Heckler and Koch’s piston-driven AR variant, the HK416, was originally developed with input from U.S. Special Operations forces and has been serving in that capacity for several years. The civilian version of this rifle, the MR556A1 (M.S.R.P. $2,995), has recently started shipping out to dealers in limited quantities. So what made this the weapon of choice for Delta Force, and what differences are there in the civilian version? We were invited to a special preview at H&K’s offices in Ashburn, VA to check it out.
The MR556A1 rifle from H&K is the civilian version of the US Special Forces HK416, but designed as a match grade rifle. Look for tight tolerances between the upper and lower receiver and no play in the collapsible stock. Click for larger image.
Derived directly from the HK416, the MR556A1 uses many of the same parts, including the barrel and gas block which still features the grenade launcher attachment point, but was built as a match capable rifle. Both rifles use HK’s proprietary short stroke gas-piston operating system so no fouling or gasses enter the receiver or affect the bolt, improving reliability and ease of cleaning. Both rifles also include an easily removed rail system with four MIL-STD-1913 “Picatinny” rails. A charging handle designed for one-handed operation can be readily adapted for left- or right-handed use.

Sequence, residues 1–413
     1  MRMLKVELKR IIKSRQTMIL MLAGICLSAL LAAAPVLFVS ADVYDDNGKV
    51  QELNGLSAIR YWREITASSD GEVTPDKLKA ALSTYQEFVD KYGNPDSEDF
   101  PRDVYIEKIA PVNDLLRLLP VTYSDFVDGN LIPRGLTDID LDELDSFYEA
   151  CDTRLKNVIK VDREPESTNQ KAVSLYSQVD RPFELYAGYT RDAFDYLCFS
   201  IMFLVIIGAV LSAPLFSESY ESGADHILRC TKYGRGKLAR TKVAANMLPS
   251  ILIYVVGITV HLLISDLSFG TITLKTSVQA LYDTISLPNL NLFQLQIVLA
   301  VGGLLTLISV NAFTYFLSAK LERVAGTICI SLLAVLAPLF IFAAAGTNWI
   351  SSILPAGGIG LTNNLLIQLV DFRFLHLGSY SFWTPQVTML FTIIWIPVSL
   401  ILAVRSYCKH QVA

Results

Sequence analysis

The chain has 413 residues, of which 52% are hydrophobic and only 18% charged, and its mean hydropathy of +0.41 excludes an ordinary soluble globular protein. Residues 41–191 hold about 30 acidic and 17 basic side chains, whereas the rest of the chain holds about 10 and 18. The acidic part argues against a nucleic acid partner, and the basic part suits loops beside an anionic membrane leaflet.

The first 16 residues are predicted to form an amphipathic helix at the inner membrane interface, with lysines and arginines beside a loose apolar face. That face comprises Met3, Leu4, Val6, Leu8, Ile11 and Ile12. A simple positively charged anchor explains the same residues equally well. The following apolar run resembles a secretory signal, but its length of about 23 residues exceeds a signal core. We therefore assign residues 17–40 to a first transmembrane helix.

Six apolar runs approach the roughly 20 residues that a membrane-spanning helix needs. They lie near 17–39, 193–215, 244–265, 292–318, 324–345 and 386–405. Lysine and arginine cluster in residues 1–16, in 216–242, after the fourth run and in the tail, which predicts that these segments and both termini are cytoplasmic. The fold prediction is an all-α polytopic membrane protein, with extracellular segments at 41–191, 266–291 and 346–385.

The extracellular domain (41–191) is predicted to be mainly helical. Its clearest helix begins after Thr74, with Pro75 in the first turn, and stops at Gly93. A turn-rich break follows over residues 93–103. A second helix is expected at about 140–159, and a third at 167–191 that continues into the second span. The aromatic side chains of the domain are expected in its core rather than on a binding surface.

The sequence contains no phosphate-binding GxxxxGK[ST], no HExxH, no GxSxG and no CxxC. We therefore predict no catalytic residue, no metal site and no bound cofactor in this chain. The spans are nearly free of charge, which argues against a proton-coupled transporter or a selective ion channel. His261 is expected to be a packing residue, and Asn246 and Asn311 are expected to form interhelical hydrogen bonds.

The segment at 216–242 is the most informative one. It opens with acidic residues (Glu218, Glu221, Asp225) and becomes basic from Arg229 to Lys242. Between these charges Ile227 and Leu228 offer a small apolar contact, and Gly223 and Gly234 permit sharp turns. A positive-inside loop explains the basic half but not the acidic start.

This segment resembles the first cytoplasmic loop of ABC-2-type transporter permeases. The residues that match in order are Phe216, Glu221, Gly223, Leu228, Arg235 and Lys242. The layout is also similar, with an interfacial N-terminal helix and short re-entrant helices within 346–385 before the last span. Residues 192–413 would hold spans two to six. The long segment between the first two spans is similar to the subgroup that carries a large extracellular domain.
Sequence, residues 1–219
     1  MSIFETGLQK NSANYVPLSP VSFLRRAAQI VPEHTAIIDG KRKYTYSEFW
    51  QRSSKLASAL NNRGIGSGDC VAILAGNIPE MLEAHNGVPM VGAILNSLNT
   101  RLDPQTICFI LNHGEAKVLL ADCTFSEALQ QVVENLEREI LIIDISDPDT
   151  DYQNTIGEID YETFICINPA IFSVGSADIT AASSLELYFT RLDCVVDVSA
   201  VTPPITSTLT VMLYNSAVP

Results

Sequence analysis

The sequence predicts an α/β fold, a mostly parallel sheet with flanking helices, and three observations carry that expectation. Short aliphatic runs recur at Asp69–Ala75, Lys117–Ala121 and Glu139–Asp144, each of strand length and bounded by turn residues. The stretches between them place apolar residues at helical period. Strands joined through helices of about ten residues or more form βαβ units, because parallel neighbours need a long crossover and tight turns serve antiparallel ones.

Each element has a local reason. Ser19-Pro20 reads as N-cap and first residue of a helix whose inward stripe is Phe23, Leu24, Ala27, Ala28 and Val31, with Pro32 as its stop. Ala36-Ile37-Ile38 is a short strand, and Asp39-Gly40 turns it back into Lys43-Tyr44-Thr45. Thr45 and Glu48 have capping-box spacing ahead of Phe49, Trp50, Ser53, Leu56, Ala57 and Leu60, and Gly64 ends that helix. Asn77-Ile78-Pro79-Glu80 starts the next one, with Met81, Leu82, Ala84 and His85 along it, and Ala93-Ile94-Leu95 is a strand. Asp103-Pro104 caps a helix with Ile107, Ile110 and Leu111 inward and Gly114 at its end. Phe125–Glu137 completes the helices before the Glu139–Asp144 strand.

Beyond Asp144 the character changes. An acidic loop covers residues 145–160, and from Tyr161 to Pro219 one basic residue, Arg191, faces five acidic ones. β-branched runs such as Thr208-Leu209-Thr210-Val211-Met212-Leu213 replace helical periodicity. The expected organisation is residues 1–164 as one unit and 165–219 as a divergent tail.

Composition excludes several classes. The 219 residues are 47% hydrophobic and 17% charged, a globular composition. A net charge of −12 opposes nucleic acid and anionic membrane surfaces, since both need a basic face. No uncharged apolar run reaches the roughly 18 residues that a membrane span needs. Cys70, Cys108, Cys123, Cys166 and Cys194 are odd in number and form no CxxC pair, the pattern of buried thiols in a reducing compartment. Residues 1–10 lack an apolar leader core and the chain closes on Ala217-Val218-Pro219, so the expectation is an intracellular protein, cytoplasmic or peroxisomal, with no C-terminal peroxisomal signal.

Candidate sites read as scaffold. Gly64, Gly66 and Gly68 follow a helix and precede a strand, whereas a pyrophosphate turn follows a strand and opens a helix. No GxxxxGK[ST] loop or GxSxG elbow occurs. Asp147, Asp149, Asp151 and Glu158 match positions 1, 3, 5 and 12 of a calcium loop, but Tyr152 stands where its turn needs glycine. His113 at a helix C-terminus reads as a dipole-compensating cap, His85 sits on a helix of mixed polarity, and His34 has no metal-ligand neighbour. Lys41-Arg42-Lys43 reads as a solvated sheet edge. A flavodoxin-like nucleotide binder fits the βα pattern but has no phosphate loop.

The MR556A1 exhibits extremely tight tolerances with no play between the upper and lower receiver thanks to take down pins with spring loaded bearings that help seal the upper and lower. To disassemble the rifle, a special tool is needed which is stored inside of the six-position telescoping stock behind the rotating removable shoulder pad. This tool can also be used to lock the stock in the desired position, eliminating the usual play found in these types of stocks.
This rifle has a 16.5 inch heavy free floated barrel with 1:7 twist, but unlike the HK416, the MR556A1 does not have a chrome-lined barrel. This is due to the fact that HK’s engineers determined that an unlined bore delivers better accuracy.
How will HK’s civilian piston-driven AR perform on our own range test? Look for a detailed review in a future Harris Publications magazine. In the meantime, visit HK-usa.com for more information.
Note the polymer dust cover, the HK model diopter rear site, and the ergonomic…
by Tactical-Life.com / Jan 10, 2011